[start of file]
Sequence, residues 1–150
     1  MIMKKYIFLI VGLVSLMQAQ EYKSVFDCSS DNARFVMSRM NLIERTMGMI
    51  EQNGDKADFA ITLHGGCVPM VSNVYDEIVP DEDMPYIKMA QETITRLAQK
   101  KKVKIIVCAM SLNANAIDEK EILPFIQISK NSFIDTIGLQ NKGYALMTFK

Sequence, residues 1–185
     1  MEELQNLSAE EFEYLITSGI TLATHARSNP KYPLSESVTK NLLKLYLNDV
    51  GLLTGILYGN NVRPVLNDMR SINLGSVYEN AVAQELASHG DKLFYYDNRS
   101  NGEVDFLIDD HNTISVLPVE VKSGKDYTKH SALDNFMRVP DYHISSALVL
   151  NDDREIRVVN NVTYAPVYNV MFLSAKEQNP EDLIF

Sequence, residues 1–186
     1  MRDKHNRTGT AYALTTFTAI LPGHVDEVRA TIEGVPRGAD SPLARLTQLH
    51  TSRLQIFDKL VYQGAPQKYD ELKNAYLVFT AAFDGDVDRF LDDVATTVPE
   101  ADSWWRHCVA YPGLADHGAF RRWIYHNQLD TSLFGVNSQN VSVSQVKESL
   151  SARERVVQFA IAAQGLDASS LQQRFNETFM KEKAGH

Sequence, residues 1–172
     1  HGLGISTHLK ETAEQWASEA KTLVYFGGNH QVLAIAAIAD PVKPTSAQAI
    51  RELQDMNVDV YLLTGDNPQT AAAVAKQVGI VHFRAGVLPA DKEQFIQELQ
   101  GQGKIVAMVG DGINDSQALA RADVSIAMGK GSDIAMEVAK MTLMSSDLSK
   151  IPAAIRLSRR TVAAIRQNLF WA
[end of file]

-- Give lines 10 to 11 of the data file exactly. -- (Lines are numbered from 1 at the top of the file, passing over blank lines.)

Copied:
Sequence, residues 1–186
     1  MRDKHNRTGT AYALTTFTAI LPGHVDEVRA TIEGVPRGAD SPLARLTQLH